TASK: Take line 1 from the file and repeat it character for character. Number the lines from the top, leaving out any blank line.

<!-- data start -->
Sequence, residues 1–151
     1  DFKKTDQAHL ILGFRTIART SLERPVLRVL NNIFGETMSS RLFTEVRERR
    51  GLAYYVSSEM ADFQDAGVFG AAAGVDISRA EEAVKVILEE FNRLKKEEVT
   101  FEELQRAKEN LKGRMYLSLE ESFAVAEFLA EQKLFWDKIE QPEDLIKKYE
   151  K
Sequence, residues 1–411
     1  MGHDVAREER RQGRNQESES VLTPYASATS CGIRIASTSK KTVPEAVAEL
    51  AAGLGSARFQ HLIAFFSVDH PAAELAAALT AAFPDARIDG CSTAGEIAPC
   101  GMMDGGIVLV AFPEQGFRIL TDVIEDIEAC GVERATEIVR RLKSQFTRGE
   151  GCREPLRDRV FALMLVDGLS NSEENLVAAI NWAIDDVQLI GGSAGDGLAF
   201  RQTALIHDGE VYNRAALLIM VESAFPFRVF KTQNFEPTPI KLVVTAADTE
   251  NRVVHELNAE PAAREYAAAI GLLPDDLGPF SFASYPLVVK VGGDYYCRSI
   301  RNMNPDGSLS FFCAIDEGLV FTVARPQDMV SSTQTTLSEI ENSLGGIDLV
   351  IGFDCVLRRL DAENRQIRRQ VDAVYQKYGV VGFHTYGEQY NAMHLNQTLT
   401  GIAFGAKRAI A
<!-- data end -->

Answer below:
Sequence, residues 1–151